tue 20/04/2021

Trpčeski, Australian Chamber Orchestra, Tognetti, Queen Elizabeth Hall | reviews, news & interviews

Trpčeski, Australian Chamber Orchestra, Tognetti, Queen Elizabeth Hall

Trpčeski, Australian Chamber Orchestra, Tognetti, Queen Elizabeth Hall

New World orchestra brings Old World style to their performance

Richard Tognetti: the Australian Chamber Orchestra's unorthodox leader

A music broadcaster commented after last night’s concert by the Australian Chamber Orchestra that all the hype, all the talk about the surf-obsessed, free-spirited leader Richard Tognetti, had left her half expecting them to surf onto the stage of the Queen Elizabeth Hall. As they walked on however (decorously, and rather more smartly dressed than most English groups) we were reminded that there’s nothing gimmicky about this ensemble.

A music broadcaster commented after last night’s concert by the Australian Chamber Orchestra that all the hype, all the talk about the surf-obsessed, free-spirited leader Richard Tognetti, had left her half expecting them to surf onto the stage of the Queen Elizabeth Hall. As they walked on however (decorously, and rather more smartly dressed than most English groups) we were reminded that there’s nothing gimmicky about this ensemble. They might stage surf-music retreats, play concerts in the Australian desert, but when it comes down to performance they are as ferociously serious as any of their tailcoated Viennese counterparts.

The split personality of Grieg’s String Quartet in G minor – the worldly salon ennui set against lively folk rusticity – creates something of a musical fist-fight. It’s one that endures, however deeply sublimated, through all four movements; even in the most languorous passages the push-pull tug of counter-rhythms sends ripples to the surface, as viola or second violin repeatedly takes up the struggle against the supremacy of the first. Scaled up for string orchestra by Tognetti himself, these conflicts were only exacerbated last night, with the greater force and variety offered by the thicker ensemble giving some much-needed weight to the work.

The Australian Chamber Orchestra turned whole movements into a single arching gestureThe fretful angst of the quartet’s first movement suits the ACO well. Theirs is an intensity that can occasionally risk overwhelming slighter repertoire, and though the grace of the second movement (where folk melody sheds its clogs and dons some rather affected silks instead) was sustained through conversation solo exchanges from among the orchestra, the music felt constantly on the edge of being unmasked and exposed as an intruder.

Shostakovich’s oddity, the Concerto No 1 for piano, trumpet and strings, took a wrong turn on the way to being a traditional trumpet concerto. In its final incarnation the trumpet (played here by Tine Thing Helseth) is reduced to a supporting role, playing the sardonic joker and parodist to the piano’s straight man, colouring the final Allegro con brio with bright, sharp shades that tell us how far we’ve come from the muted opening.

Helseth’s musicality is a joy (as she demonstrated in her encore of two Spanish folk songs by Manuel de Falla, accompanied by the concerto’s soloist Simon Trpčeski [pictured right]), but it was Trpčeski who dominated proceedings, bringing off an elegant coup in the opening gambit of the Moderato where he transformed his melody from ingratiating geniality to gruffness in less than 12 bars. His vaudevillian finale was a little less assured (I’d have been interested to hear how Kempf, soloist for the orchestra’s Birmingham concert, performed it), but the whole was kept on the right side of overdone by Tognetti and the orchestra.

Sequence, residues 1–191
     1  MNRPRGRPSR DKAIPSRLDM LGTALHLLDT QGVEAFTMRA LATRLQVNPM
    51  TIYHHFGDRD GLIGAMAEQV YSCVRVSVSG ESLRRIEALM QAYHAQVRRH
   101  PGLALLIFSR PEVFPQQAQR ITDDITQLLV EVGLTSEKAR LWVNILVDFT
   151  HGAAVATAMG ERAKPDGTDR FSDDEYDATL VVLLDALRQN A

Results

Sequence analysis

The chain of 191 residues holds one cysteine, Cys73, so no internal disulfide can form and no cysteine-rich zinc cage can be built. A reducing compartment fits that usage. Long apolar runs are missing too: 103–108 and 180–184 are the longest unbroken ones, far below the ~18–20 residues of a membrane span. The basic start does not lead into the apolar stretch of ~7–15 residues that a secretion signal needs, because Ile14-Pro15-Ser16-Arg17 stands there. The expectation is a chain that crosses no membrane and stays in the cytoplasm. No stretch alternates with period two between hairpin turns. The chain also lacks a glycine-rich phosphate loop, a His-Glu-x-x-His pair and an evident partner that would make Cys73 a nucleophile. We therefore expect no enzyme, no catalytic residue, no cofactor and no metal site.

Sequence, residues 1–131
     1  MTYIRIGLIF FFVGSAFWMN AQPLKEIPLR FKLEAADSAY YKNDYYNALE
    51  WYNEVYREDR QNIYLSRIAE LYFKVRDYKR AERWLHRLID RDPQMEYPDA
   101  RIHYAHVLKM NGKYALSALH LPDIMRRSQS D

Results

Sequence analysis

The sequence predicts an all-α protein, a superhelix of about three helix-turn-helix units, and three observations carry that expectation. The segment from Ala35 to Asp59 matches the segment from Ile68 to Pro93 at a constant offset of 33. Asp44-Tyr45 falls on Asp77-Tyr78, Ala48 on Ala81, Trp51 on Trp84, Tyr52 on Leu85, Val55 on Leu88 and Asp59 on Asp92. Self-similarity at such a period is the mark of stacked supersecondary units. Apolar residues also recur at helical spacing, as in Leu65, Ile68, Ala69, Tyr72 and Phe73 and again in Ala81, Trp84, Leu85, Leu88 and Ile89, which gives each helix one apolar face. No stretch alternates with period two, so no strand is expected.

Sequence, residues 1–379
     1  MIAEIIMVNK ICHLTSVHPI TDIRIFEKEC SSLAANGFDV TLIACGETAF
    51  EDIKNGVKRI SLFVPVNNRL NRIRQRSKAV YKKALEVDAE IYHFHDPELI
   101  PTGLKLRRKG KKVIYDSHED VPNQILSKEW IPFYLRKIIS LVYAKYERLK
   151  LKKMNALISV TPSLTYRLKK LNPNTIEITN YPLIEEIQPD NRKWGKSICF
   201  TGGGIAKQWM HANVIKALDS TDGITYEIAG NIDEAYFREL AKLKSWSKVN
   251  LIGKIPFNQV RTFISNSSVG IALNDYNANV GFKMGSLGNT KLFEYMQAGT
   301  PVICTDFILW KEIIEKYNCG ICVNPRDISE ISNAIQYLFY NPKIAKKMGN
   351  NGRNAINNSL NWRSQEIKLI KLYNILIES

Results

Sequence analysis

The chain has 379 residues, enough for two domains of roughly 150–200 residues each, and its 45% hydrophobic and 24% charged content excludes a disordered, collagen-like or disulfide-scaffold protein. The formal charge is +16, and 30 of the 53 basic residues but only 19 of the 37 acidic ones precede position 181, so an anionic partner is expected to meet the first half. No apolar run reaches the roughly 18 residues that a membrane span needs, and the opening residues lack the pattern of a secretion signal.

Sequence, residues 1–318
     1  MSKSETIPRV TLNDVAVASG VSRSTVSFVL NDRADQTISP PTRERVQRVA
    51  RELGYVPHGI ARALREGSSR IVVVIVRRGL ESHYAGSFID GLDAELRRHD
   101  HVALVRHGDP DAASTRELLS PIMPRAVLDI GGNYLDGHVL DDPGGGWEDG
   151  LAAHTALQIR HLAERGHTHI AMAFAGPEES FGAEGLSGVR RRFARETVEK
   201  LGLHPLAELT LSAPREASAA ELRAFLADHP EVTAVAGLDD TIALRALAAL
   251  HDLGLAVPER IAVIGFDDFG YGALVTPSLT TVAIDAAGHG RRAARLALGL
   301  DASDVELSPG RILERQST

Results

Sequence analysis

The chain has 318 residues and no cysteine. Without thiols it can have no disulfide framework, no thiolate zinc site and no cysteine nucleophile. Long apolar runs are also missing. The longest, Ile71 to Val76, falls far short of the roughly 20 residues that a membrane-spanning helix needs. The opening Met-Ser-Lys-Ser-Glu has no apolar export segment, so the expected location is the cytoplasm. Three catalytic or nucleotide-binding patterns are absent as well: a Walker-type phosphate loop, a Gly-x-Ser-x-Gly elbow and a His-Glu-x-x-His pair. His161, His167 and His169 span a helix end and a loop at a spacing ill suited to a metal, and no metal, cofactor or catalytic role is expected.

Joined by wind and brass (in suitably chamber incarnations) for Mozart’s Symphony No 40, the ACO romped to the close in style. The Baroque instinct for the dance is always there in Tognetti’s direction, but while for some ensembles this can fragment the music into its rhythmic units, here it brought focus to the orchestra’s phrasing, turning whole movements into a single arching gesture. While swift speeds aid this (notably in the closing Allegro assai), it’s mostly a matter of articulation, which proved itself flexible enough to encompass a daringly spare Andante as well as a more classically Germanic, dug-in sound for the Menuetto.

So no, there was no surfing and no outward eccentricity (unless you count some rather spectacular hairstyles) from the Australian Chamber Orchestra last night. Tognetti is no Nigel Kennedy – and that in the best possible way. His is a rigorous, disciplined talent, informed by historical performance practice as much as by the humour and energy of the orchestra’s homeland, and it’s an approach shared by all his musicians. In a recent interview, Tognetti told me of a Japanese agent who suggested that the orchestra would sell more tickets and be taken more seriously by changing just one letter in their name, transforming themselves into the Austrian Chamber Orchestra. It would be funny if he hadn’t been serious.

Comments

I was at the QEH concert feeling quite tired, and was very perked up by the freshness of the ACO's playing. I particularly liked their Haydn encore - played with a precision and delicacy that made me want to hear a lot more. My new favourite chamber orchestra!

In Birmingham they gve us Mozart's K201 as well as K550 - both superb; and the finest performance of Tchaikovsky's Serenade for Strings I've heard in 50 years of concertgoing. Freddy Kempf was a brilliant soloist in the concerto. This was a mammoth 5*+ concert. We didn't need encores.

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